Educational Theory, Practice, and Policy and the Wisdom of Social Psychology

Geoffrey L. Cohen, Julio Garcia, Susan T. Fiske
2014 Policy Insights from the Behavioral and Brain Sciences  
Education Tweet Social-psychological solutions can dramatically improve educational practice, policy, and outcomes. Key Points • • Psychology matters. Even when in the apparently same objective environment, the perceptions and beliefs that shape students' experience and outcomes can differ markedly. • • Even brief psychologically based interventions can lead to lasting improvement in student achievement. • • Positive change in students who chronically underperform or misbehave requires that we
more » ... onsider how their perceptions of the classroom affect them. Abstract The power of psychologically based interventions has garnered much interest in the general public and in the social sciences, especially in social psychology. Among the lessons that such social-psychological interventions provide are two of special importance for educational practice and social policy. The first is that different students can perceive the same classroom differently and that these perceptions can lead to substantial differences in outcomes. The second is that timely and wellplaced interventions, almost irrespective of their duration, can change students' perceptions of school and the classroom for the better. Randomized double-blind experiments show that such change is possible and can trigger lasting improvements in students' academic trajectories. In the context of closing achievement gaps, these insights offer practical solutions and a better understanding of motivation. This article focuses on how wise interventions and insights from social psychology can further apply to improve human affairs, both inside and outside the classroom.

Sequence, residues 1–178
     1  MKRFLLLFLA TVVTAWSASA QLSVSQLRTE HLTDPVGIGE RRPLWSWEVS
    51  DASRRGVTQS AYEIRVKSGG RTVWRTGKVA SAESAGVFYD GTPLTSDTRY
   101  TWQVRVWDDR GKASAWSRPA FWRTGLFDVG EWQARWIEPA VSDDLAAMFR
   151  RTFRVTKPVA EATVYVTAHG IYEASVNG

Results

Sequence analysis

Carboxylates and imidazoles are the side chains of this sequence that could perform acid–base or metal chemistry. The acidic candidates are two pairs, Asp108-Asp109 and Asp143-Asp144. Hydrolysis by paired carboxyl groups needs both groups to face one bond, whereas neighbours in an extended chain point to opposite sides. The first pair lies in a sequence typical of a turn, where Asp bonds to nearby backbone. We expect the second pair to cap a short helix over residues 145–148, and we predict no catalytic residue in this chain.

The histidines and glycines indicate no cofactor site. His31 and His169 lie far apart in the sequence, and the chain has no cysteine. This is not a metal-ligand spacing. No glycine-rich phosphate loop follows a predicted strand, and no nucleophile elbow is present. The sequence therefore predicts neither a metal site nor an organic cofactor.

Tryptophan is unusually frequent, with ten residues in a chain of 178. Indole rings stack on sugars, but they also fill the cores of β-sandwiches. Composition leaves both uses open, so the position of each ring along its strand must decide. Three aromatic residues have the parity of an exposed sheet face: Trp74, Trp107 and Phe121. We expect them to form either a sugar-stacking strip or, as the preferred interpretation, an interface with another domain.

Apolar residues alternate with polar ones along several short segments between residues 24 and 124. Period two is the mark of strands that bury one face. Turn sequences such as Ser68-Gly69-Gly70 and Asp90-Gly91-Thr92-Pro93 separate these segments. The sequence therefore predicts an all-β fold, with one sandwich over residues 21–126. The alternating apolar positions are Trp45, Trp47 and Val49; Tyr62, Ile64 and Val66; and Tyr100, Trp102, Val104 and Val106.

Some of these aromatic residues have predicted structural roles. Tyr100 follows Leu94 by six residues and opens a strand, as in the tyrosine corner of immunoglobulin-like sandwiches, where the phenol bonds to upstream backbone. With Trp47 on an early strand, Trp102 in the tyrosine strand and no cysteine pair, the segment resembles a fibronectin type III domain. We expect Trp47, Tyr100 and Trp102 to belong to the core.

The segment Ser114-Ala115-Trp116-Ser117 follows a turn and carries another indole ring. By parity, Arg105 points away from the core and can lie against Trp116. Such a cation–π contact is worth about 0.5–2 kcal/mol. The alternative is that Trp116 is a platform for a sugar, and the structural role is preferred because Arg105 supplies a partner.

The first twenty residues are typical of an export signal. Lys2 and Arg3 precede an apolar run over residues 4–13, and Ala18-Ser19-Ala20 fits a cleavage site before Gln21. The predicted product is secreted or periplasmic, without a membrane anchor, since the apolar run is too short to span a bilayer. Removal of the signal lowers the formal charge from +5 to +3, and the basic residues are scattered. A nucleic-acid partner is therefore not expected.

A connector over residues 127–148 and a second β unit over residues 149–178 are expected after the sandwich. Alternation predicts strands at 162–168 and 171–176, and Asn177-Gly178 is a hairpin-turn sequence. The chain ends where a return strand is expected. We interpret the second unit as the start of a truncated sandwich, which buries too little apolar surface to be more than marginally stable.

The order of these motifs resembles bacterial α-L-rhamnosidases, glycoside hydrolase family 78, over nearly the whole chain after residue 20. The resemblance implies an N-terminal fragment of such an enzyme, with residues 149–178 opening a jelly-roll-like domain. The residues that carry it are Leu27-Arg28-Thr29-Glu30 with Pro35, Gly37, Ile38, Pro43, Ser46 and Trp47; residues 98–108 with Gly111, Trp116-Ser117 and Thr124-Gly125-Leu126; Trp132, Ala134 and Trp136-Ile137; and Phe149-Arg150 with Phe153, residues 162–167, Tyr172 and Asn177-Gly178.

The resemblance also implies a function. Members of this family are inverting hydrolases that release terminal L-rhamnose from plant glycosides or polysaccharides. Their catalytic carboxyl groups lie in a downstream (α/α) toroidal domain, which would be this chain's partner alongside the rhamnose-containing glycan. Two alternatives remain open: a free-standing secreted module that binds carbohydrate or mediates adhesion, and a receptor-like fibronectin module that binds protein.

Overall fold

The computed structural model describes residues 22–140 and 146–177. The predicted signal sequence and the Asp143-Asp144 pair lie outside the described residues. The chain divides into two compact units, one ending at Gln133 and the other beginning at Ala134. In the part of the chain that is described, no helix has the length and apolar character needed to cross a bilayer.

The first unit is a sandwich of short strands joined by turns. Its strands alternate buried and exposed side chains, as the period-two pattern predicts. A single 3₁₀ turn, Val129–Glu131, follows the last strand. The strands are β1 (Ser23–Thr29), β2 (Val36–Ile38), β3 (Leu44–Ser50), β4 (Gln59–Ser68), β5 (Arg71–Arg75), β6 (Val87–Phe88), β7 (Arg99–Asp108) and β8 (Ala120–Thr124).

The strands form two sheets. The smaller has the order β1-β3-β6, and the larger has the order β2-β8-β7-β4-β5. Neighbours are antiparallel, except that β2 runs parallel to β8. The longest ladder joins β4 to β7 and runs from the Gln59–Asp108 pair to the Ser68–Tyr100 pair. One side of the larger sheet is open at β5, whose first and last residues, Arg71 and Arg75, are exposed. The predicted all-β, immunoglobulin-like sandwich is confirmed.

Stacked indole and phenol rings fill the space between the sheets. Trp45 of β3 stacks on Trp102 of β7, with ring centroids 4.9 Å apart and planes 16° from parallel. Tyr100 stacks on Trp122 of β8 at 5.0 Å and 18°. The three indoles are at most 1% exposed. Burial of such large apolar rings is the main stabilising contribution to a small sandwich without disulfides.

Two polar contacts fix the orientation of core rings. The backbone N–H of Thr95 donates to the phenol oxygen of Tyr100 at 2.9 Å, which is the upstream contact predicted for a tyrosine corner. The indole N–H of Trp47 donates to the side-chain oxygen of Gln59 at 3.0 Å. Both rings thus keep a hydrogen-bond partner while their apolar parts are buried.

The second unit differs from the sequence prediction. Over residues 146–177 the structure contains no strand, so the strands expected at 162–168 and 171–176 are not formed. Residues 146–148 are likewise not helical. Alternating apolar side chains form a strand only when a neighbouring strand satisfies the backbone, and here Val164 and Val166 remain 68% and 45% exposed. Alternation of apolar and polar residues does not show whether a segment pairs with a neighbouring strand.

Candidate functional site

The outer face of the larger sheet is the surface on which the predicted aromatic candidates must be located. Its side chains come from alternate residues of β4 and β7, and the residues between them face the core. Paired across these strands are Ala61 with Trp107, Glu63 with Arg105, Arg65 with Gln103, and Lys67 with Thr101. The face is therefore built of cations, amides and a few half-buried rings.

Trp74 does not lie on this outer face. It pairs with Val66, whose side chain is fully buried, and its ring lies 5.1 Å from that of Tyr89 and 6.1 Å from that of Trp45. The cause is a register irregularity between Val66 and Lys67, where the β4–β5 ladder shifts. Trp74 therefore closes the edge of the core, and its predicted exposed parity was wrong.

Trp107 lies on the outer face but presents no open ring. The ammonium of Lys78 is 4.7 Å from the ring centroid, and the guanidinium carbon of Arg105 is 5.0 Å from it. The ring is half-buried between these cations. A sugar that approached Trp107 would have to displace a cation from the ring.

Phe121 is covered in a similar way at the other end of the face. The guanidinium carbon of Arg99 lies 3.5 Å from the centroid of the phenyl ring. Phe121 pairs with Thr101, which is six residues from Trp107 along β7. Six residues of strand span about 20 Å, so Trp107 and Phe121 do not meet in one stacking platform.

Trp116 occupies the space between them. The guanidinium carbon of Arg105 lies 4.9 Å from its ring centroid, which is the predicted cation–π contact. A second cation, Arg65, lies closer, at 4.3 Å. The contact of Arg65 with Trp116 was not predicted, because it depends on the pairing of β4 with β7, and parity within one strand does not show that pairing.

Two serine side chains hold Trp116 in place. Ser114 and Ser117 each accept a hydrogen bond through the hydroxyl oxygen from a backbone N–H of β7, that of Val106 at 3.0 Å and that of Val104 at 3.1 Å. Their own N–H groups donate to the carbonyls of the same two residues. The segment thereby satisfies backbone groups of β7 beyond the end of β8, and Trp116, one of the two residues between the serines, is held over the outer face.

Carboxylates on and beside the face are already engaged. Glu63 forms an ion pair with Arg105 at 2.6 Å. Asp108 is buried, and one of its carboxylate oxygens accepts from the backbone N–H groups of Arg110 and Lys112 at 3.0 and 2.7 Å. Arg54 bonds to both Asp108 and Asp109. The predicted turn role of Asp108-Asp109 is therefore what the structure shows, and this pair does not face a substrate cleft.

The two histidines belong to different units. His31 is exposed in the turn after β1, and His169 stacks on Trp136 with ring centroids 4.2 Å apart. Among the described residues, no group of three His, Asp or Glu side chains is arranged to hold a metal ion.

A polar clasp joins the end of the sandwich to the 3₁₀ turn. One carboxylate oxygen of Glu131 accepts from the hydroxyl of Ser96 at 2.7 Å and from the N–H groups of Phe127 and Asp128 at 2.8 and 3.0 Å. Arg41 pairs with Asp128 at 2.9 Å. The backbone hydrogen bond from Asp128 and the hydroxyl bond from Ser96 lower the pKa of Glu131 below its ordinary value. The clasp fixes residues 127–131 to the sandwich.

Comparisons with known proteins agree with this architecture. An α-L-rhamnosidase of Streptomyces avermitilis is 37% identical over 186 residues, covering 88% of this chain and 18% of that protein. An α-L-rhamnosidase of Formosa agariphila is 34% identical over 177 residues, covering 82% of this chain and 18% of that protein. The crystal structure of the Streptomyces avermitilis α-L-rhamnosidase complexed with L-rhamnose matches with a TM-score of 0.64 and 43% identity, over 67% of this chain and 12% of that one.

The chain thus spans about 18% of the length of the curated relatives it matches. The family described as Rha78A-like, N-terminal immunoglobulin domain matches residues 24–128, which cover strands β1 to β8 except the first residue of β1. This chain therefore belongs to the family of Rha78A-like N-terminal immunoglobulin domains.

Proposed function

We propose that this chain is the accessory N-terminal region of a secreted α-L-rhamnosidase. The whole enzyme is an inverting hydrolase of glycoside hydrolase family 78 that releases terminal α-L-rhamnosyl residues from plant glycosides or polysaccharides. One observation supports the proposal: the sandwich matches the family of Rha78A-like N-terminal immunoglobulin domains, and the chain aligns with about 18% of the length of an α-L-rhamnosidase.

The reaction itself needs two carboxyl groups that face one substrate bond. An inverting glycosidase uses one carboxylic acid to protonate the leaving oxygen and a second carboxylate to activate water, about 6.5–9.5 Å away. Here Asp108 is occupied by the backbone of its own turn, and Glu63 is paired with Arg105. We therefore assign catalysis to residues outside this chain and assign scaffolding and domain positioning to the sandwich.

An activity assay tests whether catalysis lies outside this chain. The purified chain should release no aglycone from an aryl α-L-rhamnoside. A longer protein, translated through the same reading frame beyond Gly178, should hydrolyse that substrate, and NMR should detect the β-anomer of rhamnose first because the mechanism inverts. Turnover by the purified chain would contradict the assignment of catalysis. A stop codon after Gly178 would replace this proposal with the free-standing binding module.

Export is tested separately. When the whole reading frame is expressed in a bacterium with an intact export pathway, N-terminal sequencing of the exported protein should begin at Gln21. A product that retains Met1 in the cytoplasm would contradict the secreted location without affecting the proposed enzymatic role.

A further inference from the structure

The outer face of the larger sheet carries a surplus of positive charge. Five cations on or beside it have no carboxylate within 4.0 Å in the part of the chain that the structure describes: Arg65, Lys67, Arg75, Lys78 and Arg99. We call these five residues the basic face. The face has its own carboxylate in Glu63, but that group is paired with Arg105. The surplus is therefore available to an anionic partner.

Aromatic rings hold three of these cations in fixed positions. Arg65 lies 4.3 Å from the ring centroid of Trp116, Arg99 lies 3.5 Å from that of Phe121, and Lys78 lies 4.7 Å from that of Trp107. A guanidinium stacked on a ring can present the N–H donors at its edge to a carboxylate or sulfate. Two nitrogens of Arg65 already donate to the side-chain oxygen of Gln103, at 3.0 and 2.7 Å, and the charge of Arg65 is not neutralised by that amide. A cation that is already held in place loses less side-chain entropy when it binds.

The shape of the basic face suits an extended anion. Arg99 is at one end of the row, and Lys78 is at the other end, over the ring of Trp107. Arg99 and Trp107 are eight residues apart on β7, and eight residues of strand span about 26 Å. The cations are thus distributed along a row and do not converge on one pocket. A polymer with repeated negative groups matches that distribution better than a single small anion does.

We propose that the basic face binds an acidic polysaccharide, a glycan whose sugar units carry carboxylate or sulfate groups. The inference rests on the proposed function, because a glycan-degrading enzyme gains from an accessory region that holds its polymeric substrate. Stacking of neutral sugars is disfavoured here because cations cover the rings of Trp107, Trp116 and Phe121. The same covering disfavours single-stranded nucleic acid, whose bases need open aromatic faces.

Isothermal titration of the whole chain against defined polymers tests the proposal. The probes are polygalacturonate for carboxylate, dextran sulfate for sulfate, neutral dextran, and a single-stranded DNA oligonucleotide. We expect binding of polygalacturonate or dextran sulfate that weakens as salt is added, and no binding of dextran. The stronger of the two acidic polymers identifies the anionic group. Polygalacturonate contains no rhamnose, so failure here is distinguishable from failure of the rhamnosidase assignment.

doi:10.1177/2372732214551559 fatcat:wxkob2qgnvckpb7sr5njabrnou